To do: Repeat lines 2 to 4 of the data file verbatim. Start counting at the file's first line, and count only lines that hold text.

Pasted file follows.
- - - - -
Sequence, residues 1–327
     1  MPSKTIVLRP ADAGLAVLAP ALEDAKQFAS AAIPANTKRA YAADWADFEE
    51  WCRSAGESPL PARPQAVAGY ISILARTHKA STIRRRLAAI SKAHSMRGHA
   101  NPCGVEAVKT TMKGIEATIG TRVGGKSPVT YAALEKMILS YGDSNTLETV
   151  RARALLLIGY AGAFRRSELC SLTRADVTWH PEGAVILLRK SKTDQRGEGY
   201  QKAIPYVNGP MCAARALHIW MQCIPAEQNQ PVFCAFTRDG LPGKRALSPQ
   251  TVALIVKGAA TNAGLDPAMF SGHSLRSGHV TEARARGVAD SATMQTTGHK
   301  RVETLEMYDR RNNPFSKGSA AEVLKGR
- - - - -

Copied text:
     1  MPSKTIVLRP ADAGLAVLAP ALEDAKQFAS AAIPANTKRA YAADWADFEE
    51  WCRSAGESPL PARPQAVAGY ISILARTHKA STIRRRLAAI SKAHSMRGHA
   101  NPCGVEAVKT TMKGIEATIG TRVGGKSPVT YAALEKMILS YGDSNTLETV